[White Paper] How to Choose Between Infrared and Thermal conductivity CO2 Sensors in Incubators

October 25, 2017

Infrared and Thermal Conductivity CO2 Incubator SensorsIncubators, also called carbon dioxide (CO2) incubators, are key equipment for biological and medical laboratories. They enable the necessary environmental control and isolate cell cultures from external conditions and contamination. Control focuses on three major factors:

  1. Temperature
    Normal temperature for the human body, 37 degrees Celsius, is an optimum temperature for most cell cultures, although some might require different temperatures. Cells must stay within a narrow temperature range — a few tenths of a degree — to avoid conditions that threaten the cell culture or create a significant delay in growth and impact on schedules.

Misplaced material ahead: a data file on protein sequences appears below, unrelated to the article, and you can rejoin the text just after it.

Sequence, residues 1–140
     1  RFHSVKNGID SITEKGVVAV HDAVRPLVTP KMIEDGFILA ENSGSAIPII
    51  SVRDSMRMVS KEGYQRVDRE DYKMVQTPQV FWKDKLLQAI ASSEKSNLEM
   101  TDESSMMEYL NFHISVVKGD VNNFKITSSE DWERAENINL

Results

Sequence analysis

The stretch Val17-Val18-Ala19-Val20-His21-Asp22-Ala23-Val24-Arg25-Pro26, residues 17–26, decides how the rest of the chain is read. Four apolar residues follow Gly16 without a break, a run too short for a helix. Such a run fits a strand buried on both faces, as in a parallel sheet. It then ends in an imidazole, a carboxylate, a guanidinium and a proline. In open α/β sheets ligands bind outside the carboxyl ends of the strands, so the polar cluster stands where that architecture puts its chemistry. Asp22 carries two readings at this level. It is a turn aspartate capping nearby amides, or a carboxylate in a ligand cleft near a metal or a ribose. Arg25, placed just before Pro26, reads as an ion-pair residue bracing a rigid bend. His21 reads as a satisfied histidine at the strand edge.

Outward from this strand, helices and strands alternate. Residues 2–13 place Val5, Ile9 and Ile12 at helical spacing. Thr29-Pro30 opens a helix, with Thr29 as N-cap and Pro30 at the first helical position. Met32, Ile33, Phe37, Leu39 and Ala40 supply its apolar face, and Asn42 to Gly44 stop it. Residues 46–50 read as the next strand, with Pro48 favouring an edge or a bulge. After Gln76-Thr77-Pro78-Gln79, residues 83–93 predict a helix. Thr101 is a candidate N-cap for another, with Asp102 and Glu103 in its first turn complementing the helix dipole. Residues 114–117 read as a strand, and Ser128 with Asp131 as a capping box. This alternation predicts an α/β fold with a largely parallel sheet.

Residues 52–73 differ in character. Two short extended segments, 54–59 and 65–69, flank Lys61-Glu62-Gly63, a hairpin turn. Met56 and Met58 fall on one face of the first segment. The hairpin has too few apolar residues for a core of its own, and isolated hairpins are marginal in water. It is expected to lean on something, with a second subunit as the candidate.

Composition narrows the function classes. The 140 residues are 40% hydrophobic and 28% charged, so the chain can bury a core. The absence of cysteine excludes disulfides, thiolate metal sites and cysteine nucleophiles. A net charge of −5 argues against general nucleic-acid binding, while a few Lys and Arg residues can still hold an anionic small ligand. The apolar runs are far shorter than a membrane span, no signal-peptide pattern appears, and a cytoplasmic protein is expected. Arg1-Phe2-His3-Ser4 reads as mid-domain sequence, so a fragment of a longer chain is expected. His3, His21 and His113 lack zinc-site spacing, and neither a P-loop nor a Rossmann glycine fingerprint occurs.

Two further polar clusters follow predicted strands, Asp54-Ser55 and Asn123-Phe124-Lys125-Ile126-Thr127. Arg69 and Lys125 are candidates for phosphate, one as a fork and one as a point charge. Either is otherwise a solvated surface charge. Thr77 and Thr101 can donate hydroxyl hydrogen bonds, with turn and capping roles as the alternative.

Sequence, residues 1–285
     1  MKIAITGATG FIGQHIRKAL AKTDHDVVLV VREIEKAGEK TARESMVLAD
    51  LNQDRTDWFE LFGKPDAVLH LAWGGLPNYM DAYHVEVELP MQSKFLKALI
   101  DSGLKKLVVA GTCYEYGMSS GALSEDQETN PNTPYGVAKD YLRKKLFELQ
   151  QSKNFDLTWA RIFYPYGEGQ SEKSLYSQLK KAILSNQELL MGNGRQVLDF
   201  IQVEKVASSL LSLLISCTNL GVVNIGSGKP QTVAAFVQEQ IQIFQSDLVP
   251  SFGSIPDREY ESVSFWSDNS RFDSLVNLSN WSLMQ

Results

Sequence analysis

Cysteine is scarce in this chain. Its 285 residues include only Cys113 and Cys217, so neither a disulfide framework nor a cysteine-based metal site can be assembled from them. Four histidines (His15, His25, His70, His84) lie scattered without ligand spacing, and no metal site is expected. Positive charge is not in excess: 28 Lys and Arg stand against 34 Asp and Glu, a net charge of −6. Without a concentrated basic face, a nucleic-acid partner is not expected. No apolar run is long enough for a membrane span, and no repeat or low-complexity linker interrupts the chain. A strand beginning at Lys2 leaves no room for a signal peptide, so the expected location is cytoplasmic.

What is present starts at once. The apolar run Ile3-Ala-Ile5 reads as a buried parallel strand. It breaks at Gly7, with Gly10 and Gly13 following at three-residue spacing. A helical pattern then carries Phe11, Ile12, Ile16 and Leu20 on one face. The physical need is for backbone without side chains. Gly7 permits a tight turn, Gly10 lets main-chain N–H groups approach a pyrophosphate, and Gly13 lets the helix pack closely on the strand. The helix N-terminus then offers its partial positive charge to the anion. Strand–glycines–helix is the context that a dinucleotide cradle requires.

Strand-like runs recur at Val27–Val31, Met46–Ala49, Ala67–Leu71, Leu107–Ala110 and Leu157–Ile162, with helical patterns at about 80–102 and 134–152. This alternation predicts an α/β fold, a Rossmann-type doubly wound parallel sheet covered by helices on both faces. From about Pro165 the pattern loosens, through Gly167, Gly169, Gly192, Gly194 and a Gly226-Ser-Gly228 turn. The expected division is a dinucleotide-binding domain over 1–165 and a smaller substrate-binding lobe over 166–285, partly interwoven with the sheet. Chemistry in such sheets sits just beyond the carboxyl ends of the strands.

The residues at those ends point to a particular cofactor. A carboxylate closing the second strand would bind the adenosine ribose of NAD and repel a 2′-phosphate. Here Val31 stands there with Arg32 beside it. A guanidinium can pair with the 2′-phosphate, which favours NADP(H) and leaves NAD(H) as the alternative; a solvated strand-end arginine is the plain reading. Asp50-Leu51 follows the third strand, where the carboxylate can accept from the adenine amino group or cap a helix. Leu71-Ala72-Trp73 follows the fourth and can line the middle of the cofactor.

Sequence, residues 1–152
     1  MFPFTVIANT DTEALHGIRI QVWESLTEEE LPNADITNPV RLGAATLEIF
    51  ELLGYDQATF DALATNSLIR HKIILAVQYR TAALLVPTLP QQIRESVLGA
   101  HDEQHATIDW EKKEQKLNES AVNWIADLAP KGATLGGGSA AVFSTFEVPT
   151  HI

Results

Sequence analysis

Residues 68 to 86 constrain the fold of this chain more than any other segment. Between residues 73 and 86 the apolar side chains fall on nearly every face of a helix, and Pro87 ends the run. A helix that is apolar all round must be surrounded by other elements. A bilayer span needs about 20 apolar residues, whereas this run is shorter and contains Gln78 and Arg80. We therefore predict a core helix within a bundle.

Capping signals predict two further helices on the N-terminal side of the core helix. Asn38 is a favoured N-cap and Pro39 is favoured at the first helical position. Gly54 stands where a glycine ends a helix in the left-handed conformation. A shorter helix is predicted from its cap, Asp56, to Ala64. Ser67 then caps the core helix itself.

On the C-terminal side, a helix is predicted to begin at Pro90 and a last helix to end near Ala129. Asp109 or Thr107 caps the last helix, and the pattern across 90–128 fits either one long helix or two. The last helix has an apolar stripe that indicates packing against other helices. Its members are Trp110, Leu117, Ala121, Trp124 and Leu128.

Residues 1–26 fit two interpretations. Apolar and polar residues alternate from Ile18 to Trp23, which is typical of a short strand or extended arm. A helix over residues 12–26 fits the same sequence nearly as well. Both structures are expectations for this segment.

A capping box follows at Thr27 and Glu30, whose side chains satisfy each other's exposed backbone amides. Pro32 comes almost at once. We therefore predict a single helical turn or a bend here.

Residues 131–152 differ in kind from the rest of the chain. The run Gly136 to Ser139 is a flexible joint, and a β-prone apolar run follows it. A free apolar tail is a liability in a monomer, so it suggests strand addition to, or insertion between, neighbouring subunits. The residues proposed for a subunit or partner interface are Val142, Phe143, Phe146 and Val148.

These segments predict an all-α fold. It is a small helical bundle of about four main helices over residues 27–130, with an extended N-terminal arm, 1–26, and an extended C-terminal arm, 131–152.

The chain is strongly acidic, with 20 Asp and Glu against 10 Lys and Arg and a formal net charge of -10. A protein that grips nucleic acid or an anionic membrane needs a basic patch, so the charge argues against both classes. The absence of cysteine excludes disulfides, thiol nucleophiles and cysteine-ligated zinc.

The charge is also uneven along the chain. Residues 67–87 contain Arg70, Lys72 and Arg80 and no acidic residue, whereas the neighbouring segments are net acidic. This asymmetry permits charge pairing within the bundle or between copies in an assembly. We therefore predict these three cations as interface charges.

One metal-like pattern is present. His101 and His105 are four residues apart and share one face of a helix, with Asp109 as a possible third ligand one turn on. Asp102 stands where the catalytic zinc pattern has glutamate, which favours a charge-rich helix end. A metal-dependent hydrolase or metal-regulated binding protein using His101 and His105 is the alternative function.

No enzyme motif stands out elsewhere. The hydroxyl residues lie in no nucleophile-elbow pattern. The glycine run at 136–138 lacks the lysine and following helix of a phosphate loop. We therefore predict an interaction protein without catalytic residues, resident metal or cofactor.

2. Relative Humidity
    Relative humidity (RH) levels in the incubator prevent growth medium desiccation. RH can be as low as 75 to 80 percent. More commonly, RH must remain above 90 percent.
  3. Carbon Dioxide (CO2)
    Different cells grow best in environments with pH values that typically range from 7.0 to 7.7. Growth medium includes a pH buffer, often CO2-bicarbonate-based, to keep conditions stable. Chemical reactions in the medium can alter the pH. Control of atmospheric CO2 levels helps maintain steady growth-medium pH.

Measuring CO2

There are two main technologies for measuring CO2 — infrared (IR) and thermal conductivity. This paper compares them and examines which technology might be best for a given laboratory.

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